Wednesday, November 28, 2012

Phantom fannies and pockets of community

Listen to this post:

After experiencing the intensity of a gathering of caricature artists secondhand during my husband's recent convention, I returned home a little deflated. Jealous even. Missing something. Not feeling connected. To the point of posting so on Facebook.

The first response came from a young adult, whose wisdom I have learned to trust. Remember "awesome Quakerness," she responded. Oh, yeah, my Quaker Meeting, the one I have attended regularly for 14 years, served on numerous committees, loved and been annoyed with, but mostly loved. The place I feel accepted for who I am, but, sometimes, also unseen. The one I've disengaged from a bit to go out into the real world and complete the work to which God calls. That one.

So I journeyed there Sunday with those thoughts in my head and heart. I wanted someone to reach out to me. Little did I know it would start with my 15-year-old being tempted to worship with a bookstore trip after. As I headed into worship, I left her and my younger daughter behind to debate whether to attend First Day School or hang, silently, with the adults. The younger went one way and the older, another. When she brushed up against me on the pew, my being fluttered. It took me Somewhere Else. To the first time I held her hand, we pushed through the glass-and-wood doors and took our seats on the satiny benches polished by 50 years of phantom fannies.  She was a toddler and I, a young(er) mother seeking relief from the pain of an auto accident. When my favorite song, the Shaker "Simple Gifts," lulled out of the piano, I knew I was home. Before any worship had officially begun.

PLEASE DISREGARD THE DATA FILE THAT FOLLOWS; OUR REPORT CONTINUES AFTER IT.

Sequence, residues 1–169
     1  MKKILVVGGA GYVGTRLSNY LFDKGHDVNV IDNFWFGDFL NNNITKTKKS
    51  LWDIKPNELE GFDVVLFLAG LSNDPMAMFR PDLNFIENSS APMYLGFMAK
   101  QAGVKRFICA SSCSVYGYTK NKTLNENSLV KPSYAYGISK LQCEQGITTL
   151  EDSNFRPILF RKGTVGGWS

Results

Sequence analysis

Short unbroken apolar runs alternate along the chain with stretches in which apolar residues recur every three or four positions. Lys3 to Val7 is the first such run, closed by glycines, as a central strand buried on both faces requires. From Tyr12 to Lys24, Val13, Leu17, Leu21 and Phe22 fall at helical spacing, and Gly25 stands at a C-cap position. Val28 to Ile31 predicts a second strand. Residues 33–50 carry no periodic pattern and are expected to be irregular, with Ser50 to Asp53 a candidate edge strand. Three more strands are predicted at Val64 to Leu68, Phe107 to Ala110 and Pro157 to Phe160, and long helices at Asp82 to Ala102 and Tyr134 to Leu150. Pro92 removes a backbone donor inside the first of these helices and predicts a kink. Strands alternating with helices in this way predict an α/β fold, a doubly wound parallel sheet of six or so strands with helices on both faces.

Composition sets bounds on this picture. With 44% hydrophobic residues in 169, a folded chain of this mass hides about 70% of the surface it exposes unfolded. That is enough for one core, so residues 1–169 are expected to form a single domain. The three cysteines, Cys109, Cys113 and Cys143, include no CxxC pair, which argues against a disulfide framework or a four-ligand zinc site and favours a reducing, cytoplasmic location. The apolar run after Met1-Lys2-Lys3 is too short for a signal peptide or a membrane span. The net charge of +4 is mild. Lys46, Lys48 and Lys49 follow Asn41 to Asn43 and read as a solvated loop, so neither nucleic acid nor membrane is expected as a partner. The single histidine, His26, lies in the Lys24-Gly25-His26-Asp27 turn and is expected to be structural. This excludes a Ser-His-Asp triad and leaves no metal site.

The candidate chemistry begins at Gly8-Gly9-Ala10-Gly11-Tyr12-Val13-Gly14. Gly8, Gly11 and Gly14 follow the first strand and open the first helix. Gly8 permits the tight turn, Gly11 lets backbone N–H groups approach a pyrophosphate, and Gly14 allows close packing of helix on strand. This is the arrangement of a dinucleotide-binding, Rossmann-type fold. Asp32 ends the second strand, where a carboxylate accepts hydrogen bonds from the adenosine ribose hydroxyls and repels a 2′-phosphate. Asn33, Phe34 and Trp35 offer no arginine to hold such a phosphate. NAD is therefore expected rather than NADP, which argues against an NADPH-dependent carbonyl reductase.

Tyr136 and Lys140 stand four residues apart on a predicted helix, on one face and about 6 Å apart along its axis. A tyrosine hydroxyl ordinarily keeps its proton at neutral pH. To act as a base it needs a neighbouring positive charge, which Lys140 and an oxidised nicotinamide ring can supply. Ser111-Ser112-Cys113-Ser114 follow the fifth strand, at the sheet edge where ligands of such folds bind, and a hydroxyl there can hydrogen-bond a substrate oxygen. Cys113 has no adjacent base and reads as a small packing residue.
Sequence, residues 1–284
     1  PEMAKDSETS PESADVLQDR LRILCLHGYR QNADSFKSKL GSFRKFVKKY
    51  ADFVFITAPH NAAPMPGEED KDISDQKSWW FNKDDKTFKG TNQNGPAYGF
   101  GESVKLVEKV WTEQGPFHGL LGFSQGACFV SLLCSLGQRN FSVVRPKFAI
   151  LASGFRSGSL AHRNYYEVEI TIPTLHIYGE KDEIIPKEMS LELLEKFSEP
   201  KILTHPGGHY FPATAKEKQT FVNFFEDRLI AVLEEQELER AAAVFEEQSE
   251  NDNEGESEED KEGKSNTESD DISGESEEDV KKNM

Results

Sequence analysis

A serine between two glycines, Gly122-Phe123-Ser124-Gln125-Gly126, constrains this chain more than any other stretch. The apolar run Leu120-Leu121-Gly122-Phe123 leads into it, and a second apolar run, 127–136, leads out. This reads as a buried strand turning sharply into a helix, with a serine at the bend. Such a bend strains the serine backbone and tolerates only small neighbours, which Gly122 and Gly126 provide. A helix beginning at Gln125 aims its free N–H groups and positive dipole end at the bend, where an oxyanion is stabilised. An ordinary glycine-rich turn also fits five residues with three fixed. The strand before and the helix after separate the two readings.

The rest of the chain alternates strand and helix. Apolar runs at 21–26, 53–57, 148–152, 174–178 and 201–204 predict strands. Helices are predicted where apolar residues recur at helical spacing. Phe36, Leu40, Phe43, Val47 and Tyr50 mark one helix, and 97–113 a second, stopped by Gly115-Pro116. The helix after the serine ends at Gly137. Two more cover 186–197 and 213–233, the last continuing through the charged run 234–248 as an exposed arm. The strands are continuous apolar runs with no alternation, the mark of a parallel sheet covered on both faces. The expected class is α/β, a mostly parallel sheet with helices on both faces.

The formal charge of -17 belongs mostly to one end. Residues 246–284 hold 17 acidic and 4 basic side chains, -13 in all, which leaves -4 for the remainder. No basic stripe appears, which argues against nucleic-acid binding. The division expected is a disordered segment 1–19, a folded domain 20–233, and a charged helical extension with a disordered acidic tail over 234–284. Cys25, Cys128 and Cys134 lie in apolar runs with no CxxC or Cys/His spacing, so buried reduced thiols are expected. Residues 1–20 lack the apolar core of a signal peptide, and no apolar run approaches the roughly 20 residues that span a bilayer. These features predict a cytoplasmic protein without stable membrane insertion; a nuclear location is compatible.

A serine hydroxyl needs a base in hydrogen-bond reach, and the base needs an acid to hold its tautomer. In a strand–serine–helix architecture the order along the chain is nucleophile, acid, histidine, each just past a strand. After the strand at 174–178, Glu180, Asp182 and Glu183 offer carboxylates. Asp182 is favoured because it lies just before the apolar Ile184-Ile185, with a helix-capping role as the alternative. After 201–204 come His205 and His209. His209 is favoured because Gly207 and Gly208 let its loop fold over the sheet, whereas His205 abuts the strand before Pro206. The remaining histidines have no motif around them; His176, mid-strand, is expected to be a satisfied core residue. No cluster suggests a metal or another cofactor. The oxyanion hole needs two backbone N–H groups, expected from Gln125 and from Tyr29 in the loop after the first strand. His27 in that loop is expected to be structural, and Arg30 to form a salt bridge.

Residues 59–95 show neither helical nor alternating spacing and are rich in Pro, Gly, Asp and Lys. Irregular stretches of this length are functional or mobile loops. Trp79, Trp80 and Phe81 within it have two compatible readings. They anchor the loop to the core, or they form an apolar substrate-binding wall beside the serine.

How many stories had I heard of people seeking the right faith community for, well,  years? I merely went where my mother and daughter told me to. My mom had known I was struggling and searching and encouraged me to try the Quakers. "I think you'll like the simplicity," she said. Didn't hurt that my favorite Methodist pastor from childhood was the interim. Shortly before that, one morning my daughter greeted me, unprompted, with "Mommy, I know Jesus." Yes you do, I thought, and it's time to find a spiritual home.

That home has been Cincinnati Friends Meeting, through thick and thin. Sunday, the minister's message focused on getting young Quakers back to meeting. Like Autumn and baby Carter, who came with his dad (the first person to ever give Autumn, gum and I reminded him) and mom, granddad, who grew up in the meeting, and great-grandparents. They have been rocks of this meeting. In fact, Papa Paul was the first to speak to me that initial visit with Autumn. We bonded over his Cincinnati Mortuary School shirt because I had worked in the funeral industry.

After a few months, back when Autumn and I first attended and when a permanent minister was hired, Quakers asked if I would leave as well. No way, I invariably answered because I remembered Paul and his kindness to a stranger. He reminisced about how he'd get down on the playroom floor with both of my girls, just like he now does with Carter.

It all was a warm reminder that I do, indeed, have more than pockets of community.

• Where do I experience community?
• How do I experience it?